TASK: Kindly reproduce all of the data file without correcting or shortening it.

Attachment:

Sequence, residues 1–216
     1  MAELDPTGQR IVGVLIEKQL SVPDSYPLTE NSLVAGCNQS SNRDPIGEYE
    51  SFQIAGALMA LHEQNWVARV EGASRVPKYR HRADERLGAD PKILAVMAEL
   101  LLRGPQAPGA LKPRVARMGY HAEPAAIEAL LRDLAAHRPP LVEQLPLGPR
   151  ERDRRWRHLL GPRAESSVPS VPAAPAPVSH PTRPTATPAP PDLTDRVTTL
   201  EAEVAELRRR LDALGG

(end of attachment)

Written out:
Sequence, residues 1–216
     1  MAELDPTGQR IVGVLIEKQL SVPDSYPLTE NSLVAGCNQS SNRDPIGEYE
    51  SFQIAGALMA LHEQNWVARV EGASRVPKYR HRADERLGAD PKILAVMAEL
   101  LLRGPQAPGA LKPRVARMGY HAEPAAIEAL LRDLAAHRPP LVEQLPLGPR
   151  ERDRRWRHLL GPRAESSVPS VPAAPAPVSH PTRPTATPAP PDLTDRVTTL
   201  EAEVAELRRR LDALGG